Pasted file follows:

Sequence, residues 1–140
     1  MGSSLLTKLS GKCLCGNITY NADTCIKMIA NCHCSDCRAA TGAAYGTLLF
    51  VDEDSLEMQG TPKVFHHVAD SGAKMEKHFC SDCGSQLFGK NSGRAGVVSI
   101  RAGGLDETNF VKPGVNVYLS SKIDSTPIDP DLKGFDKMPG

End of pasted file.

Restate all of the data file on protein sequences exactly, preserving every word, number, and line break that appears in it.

Sequence, residues 1–140
     1  MGSSLLTKLS GKCLCGNITY NADTCIKMIA NCHCSDCRAA TGAAYGTLLF
    51  VDEDSLEMQG TPKVFHHVAD SGAKMEKHFC SDCGSQLFGK NSGRAGVVSI
   101  RAGGLDETNF VKPGVNVYLS SKIDSTPIDP DLKGFDKMPG